“Sense and Sensibility and Sea Monsters”: 18th and 21st century’s betentacled love child.

Just try re-imagining Austen’s classic of English manners by adding schools of terrifying fish, sharks, and the occasional sea serpent. “Sense and Sensibility and Sea Monsters” is all of that and then some. It feels somewhat like a new story–a richer and more fantastic version of what Jane Austen originally wrote.

Mr. Dashwood meets an untimely demise at the jaws of a hammerhead shark, and his daughters Elinor and Marianne are sent to Pestilent Isle to live. Elinor falls for Edward Ferrars, who is engaged to Lucy Steele, one of the book’s liveliest villains. Marianne, meanwhile, finds herself drawn to the enigmatic Colonel Brandon, who resembles the Davy Jones character from the “Pirates of the Caribbean” movies.

While reading “Pride and Prejudice and Zombies,” I expected a silly irreverent page-turner through the worlds of Jane Austen, and it did not disappoint. It was random and gory and fun and definitely worth the read. However, “Sense and Senseibility and Sea Monsters” tells a tale of something more original than zombies and ninjas: sea monsters. Take it a step further, and you’ll explore a world filled with giant jellyfish attacks, pet orangutans and octopi. Oh, and don’t forget the usual blood and guts associated with the “Jane Austen and Monsters” series.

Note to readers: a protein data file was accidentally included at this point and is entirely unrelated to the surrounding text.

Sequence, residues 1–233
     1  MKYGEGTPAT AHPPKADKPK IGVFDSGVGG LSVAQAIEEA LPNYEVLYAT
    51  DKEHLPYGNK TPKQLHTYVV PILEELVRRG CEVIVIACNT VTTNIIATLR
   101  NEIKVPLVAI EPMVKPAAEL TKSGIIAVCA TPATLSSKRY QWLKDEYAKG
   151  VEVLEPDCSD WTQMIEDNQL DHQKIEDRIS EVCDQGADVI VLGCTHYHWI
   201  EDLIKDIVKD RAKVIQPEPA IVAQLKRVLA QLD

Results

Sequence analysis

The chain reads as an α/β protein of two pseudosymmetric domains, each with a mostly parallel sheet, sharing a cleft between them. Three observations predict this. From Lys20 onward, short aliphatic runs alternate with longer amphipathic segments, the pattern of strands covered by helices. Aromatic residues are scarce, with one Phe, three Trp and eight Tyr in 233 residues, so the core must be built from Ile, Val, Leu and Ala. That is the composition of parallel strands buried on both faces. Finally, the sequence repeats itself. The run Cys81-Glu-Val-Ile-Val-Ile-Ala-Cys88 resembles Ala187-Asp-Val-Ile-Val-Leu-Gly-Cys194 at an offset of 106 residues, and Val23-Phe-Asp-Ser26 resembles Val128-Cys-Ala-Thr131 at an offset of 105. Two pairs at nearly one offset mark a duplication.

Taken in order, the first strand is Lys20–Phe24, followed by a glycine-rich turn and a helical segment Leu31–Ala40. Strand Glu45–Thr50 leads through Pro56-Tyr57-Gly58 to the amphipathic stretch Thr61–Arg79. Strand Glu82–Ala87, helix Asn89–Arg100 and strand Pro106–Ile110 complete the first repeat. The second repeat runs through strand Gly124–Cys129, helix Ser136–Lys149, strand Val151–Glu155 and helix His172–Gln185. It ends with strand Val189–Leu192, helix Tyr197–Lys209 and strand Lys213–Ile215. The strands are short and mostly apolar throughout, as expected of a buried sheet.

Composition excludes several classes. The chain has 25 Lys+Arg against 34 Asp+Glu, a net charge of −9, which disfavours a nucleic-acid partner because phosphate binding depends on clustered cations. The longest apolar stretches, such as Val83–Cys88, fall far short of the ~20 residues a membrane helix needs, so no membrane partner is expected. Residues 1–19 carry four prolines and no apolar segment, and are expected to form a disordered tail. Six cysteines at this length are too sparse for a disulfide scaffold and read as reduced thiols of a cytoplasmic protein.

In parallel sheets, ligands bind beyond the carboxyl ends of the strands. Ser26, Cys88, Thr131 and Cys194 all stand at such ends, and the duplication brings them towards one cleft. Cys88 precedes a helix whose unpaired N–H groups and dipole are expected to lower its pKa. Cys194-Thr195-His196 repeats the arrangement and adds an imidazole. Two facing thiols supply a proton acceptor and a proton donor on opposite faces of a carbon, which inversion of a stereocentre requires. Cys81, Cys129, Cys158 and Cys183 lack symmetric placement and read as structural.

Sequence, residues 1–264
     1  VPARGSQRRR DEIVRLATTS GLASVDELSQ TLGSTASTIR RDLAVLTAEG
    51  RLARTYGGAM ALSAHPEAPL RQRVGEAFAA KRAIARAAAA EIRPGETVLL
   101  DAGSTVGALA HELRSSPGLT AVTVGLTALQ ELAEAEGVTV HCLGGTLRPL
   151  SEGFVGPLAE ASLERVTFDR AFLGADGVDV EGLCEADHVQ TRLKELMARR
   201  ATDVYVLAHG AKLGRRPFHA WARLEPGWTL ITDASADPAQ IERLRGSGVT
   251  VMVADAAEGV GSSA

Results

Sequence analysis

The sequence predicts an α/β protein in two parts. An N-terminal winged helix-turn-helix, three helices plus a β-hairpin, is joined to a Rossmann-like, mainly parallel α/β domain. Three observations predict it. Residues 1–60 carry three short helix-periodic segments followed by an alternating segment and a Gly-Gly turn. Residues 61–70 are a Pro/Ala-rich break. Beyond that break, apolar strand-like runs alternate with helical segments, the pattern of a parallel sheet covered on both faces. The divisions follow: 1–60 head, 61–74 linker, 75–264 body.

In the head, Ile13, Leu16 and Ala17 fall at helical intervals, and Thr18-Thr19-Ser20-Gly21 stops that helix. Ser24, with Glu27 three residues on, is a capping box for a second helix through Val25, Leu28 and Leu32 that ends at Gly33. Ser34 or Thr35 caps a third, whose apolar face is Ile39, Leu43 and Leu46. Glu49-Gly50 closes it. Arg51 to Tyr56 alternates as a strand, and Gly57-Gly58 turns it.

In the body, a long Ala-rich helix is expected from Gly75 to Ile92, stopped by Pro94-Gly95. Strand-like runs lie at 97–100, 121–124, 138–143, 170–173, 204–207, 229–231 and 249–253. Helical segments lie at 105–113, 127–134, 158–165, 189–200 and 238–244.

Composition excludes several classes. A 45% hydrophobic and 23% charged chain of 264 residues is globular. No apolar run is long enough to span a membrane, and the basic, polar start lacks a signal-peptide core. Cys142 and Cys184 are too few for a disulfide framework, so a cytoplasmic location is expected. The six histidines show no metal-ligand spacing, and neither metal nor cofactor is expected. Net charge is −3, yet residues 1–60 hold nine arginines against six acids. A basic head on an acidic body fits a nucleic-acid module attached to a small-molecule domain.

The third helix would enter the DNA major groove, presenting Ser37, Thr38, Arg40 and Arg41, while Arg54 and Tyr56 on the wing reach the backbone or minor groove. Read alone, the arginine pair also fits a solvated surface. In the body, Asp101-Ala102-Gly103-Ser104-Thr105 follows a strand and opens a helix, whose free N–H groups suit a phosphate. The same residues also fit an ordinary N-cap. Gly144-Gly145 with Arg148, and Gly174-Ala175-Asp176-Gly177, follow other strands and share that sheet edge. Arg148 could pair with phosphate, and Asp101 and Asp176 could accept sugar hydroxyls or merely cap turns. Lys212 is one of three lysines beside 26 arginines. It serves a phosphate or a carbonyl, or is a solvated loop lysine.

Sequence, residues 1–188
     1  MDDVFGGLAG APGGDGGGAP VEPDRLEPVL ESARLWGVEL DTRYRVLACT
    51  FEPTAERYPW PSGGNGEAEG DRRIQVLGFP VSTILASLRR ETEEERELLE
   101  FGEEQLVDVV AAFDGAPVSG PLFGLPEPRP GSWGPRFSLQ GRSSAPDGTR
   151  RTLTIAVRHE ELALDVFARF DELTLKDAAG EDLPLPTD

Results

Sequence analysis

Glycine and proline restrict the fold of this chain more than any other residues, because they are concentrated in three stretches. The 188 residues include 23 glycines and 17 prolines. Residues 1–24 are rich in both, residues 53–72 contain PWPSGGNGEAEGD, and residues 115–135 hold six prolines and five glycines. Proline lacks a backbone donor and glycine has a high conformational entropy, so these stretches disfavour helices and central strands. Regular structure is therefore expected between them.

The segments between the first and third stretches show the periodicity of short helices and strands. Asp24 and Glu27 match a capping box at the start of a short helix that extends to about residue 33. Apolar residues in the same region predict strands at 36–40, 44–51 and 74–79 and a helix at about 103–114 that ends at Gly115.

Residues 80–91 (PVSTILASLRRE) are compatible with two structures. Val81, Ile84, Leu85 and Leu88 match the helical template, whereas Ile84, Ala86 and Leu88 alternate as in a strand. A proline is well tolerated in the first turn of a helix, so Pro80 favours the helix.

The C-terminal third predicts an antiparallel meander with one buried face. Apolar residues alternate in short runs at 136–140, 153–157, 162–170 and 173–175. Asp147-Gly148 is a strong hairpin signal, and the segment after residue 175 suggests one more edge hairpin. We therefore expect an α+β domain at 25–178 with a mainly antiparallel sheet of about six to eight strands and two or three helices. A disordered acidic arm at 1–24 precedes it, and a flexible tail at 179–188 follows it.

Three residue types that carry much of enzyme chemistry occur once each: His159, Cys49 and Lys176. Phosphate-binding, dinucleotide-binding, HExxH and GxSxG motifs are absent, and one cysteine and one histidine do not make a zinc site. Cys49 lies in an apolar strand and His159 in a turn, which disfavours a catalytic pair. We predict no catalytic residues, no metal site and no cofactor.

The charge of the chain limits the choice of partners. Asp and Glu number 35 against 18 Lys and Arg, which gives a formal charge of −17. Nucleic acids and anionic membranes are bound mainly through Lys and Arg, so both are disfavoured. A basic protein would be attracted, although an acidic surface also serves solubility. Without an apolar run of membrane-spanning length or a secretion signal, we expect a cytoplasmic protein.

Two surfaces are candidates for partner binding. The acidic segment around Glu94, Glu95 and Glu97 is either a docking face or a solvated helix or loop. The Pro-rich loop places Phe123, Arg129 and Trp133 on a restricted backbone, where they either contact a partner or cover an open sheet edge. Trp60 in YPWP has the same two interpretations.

I’m a huge Jane Austen fan, but I couldn’t help but enjoy some parts of this book more than the original. The remake is over-the-top and occasionally insane, but who doesn’t want to read a crazy novel? It didn’t preserve as much of Jane Austen’s original text as “Pride and Prejudice and Zombies,” but that brings in more room for originality. The book is very funny when read aloud, and the illustrations only add to the amusement of seeing familiar characters out of Regency England engaged in battles to the death with seagoing monsters.

-Vania Myers

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